Lobelia inflata

This native of the eastern United States has dozens of uses.

Licorice is more than just an ingredient in licorice sticks!

Lobelia is a herb named after the botanist Matthias de Lobel, a native of Lille, who died in London in 1616. Several species are cultivated in English gardens for the beauty of their flowers, in every shade of scarlet, purple, and blue.

The odor is unpleasant, and the taste, after chewing, is much like that of tobacco, burning and acrid, causing a flow of saliva.

LobeliaLobelia is also known as “Indian tobacco”. It is now a popular tool for helping to deter smokers who want to quit, when taken in very small doses. This is due to an active ingredient in the lobelia plant, lobeline, which is similar to nicotine in its effect on the body. Like nicotine, it stimulates nerves in the central nervous system.

Lobelia as an Herb for Medicinal Uses

Lobelia has a long history of use as an herbal remedy for respiratory conditions such as asthma, bronchitis, pneumonia, and cough. Native Americans historically have smoked lobelia as a treatment for asthma.

Folk practitioners believed lobelia was effective for bronchitis, asthma, diphtheria, epilepsy, tetanus, treatment of boils, and other ailments (Weiner and Weiner 1994). It works as a strong antispasmodic. The plant does have a stimulating effect on the respiratory system (Fleming 2000). Lobelia also serves as an emetic (Tyler 1985). Lobelia works as a muscle relaxant and midwives have used it to help the birthing mother to relax (Weiner and Weiner 1994).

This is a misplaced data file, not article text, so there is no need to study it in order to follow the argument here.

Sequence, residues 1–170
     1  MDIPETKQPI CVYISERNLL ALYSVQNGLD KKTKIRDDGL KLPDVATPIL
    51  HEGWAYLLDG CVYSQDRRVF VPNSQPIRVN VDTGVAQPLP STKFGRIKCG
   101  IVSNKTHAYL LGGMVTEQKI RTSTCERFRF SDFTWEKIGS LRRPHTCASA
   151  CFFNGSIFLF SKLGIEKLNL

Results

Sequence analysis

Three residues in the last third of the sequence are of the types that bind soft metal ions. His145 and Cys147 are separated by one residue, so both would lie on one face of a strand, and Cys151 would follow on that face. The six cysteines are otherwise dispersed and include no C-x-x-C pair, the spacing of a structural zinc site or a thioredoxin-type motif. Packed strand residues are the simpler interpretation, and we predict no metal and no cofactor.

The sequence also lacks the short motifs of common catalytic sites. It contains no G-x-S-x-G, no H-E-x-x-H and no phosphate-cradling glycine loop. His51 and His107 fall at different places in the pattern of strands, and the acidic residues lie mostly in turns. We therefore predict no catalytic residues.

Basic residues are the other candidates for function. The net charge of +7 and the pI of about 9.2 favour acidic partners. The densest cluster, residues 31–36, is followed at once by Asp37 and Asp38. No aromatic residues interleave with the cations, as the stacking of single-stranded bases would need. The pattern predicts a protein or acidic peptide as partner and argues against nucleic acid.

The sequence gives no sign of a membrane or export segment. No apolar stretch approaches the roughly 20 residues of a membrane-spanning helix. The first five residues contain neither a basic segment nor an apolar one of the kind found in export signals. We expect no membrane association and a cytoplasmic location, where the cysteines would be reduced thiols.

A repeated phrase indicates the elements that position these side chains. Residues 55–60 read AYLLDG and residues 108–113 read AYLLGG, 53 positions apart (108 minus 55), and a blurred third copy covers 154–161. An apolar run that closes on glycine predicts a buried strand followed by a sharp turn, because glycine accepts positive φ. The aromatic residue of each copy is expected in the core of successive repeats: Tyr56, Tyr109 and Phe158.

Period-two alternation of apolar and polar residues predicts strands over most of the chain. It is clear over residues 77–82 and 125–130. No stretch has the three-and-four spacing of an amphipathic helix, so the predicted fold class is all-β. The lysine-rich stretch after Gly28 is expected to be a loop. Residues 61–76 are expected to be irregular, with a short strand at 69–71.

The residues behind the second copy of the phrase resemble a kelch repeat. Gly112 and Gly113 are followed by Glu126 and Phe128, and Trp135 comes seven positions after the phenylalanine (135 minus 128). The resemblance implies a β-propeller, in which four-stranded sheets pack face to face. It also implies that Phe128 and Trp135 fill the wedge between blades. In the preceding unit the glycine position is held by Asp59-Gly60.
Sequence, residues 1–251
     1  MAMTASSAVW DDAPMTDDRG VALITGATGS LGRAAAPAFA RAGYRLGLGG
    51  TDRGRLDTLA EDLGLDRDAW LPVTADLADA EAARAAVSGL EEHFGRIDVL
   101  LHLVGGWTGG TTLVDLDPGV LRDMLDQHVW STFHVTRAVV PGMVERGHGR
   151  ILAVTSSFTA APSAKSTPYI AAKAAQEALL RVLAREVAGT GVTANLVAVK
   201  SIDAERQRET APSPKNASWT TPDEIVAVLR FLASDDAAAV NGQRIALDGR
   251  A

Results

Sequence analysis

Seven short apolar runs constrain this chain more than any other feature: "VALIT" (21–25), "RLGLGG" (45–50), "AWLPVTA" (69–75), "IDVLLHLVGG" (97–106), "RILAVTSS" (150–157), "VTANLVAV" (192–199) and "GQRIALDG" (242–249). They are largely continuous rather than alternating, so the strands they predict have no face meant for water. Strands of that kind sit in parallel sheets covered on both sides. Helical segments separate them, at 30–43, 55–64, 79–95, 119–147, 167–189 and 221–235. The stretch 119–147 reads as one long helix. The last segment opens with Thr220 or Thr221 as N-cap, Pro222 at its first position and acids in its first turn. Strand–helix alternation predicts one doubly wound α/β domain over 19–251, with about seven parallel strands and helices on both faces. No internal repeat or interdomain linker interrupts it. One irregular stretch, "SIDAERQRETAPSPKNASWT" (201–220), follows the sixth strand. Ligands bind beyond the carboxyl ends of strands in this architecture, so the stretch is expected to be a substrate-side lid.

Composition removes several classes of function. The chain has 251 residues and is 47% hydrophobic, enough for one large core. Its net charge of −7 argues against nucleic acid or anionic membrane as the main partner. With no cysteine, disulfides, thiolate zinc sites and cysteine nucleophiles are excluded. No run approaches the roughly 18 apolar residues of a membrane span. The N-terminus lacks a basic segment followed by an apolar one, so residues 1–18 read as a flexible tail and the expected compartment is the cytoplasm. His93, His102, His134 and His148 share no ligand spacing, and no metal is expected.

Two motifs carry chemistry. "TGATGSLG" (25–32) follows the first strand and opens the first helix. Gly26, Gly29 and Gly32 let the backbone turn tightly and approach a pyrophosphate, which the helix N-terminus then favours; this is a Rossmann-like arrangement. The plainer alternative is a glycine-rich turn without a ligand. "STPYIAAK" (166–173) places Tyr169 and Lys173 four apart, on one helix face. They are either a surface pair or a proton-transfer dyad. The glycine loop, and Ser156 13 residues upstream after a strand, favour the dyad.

In the 19th century, American physicians prescribed lobelia to induce vomiting in order remove toxins from the body. Because of this, it earned the name “puke weed.” (Gross, isn’t it…)

The following are recommended adult doses:

  • Dried herb (infusion or decoction): 1/4 to 1/2 teaspoon herb in 8 ounces of water, preferably mixed with other herbs. Steep 30 to 40 minutes and take 2 ounces (60 mL), 4 times daily. (This method is not preferred because of lobelia’s acrid taste.)
  • Lobelia extract supplement (1:1 in 50 % alcohol): 0.2 to 0.6 mL (4 to 18 drops), 3 times daily
  • Tincture of lobelia: 0.6 to 2.0 mL (18 to 60 drops) daily
  • Vinegar tincture of lobelia (1:5 in dilute acetic acid): 1 to 4 mL (20 to 120 drops), 3 times daily

Culinary Uses of Lobelia

Should not be ingested.


The FDA has labeled this herb as unsafe in all but very small doses. Moderate to large doses can cause serious adverse effects ranging from dry mouth and nausea to convulsions and even coma. Today, lobelia is in banned in the United States as a treatment because of the toxicity in high doses.

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